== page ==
Panel discussion on using gene editing in medicine.
With regards to our healthcare, what needs to be considered if gene editing technologies were to become commonly applied for medical procedures. For example, are there other significant ramifications to correcting disease causing genes responsible for cystic fibrosis or increasing HIV resistance in immune cells?
Kim Hill (MC), Josephine Johnston, Peter Fineran, Colin Gavaghan, Jennie Harré Hindmarsh
Recorded in Dunedin on 21 September 2017
Listen online on RNZ: Editing our Genes: Medical Issues
Associate Professor Peter Fineran
CRISPR-Cas microbiologist, University of Otago
Associate Professor Colin Gavaghan
Medical Law and Ethics scholar, University of Otago
Dr Jennie Harré Hindmarsh
Health Improvement researcher, Ngati Porou Hauora
Director of Research and Research scholar, The Hastings Center
Host and Broadcaster, RNZ National
Presented in partnership with the David and Genevieve Becroft Foundation, The University of Auckland, Victoria University of Wellington and RNZ National.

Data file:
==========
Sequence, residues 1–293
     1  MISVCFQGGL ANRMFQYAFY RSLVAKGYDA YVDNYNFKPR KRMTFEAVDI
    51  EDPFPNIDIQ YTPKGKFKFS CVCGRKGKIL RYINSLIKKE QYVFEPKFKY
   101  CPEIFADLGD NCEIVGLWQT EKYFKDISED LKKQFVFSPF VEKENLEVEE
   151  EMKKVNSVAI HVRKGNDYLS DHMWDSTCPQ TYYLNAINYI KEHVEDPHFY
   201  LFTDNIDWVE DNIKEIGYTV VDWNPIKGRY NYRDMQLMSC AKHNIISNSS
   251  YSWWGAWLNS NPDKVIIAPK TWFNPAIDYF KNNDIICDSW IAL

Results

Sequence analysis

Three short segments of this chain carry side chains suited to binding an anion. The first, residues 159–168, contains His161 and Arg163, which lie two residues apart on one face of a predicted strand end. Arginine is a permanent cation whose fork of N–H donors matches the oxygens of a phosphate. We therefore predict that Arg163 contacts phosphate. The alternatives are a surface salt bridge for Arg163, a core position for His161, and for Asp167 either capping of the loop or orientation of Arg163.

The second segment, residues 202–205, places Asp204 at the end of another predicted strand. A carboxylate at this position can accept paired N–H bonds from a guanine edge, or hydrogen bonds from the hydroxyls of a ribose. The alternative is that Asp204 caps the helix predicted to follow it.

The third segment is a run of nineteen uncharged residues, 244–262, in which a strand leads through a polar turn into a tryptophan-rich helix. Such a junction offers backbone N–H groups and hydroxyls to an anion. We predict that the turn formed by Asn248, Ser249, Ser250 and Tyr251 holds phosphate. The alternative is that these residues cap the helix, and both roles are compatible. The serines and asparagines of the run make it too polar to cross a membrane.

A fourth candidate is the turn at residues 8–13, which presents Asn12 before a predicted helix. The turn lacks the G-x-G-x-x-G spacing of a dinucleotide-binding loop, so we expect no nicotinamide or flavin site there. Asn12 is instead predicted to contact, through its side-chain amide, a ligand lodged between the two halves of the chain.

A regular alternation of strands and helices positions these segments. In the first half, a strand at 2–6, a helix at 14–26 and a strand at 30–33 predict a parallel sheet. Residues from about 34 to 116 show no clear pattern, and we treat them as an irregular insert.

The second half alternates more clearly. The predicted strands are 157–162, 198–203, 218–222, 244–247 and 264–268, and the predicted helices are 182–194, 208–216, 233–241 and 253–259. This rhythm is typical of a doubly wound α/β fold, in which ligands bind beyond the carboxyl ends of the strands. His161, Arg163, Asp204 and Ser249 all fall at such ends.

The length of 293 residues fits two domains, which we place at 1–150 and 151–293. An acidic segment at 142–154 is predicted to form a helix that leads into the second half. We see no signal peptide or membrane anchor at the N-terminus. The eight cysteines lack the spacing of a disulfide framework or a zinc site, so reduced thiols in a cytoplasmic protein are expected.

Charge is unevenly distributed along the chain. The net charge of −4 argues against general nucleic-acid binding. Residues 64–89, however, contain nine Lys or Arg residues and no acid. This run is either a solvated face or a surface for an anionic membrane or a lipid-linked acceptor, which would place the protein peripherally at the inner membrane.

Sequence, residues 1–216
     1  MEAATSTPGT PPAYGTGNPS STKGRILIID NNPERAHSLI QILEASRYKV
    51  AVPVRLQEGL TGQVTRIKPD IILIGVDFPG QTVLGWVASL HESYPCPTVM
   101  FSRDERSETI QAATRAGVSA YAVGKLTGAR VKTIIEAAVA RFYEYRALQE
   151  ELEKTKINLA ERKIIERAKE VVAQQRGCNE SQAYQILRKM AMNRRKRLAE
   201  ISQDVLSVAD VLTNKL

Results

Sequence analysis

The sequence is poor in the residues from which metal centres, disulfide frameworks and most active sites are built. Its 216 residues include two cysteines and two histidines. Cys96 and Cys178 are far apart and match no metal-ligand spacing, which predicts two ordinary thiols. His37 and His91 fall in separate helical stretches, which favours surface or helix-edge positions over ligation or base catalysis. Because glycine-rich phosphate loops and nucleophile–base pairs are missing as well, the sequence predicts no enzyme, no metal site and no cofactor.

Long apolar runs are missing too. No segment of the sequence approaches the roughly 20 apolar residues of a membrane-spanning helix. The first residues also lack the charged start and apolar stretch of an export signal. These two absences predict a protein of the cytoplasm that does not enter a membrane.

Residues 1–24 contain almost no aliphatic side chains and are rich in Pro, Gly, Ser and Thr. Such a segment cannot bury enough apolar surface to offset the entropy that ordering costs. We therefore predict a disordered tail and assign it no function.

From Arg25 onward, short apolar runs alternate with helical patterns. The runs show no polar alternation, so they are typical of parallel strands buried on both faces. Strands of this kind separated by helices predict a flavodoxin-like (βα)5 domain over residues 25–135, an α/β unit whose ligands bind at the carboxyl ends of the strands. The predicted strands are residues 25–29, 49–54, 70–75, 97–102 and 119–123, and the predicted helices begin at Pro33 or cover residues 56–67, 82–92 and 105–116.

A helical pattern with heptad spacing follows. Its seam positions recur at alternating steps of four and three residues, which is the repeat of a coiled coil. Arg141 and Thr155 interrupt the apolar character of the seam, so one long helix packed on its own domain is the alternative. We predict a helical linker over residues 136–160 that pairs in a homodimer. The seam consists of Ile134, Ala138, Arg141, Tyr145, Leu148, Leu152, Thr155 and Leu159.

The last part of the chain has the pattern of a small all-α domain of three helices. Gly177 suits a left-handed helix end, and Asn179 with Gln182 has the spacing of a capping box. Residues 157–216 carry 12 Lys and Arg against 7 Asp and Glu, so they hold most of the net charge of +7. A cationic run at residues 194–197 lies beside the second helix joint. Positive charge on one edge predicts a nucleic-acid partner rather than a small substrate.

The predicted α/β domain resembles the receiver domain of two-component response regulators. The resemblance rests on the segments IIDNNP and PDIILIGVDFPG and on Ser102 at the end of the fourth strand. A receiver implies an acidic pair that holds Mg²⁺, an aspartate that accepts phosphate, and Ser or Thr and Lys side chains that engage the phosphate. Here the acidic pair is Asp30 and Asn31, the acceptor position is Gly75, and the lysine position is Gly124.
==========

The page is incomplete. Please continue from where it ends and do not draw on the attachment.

Views expressed at this event may not reflect those of Royal Society Te Apārangi.
Editing Our Genes: Promises and Pitfalls
Once a science fiction fantasy, the power to engineer DNA is now within reach. With that power comes complex and sometimes contentious questions about what can, and what should, be done to change ourselves and the world around us. Using a new genome editing technique, known as CRISPR/Cas9, scientists are exploring deletion, alteration, and addition of genes to a huge variety of organisms, from yeast to kumara, and from mosquitoes to dairy cattle. Perhaps most promising, but also most controversial, are the possible uses of the technology in humans.
Host Kim Hill is joined by bioethicist Josephine Johnston and a panel of experts to explore the implications of gene editing technologies for New Zealand.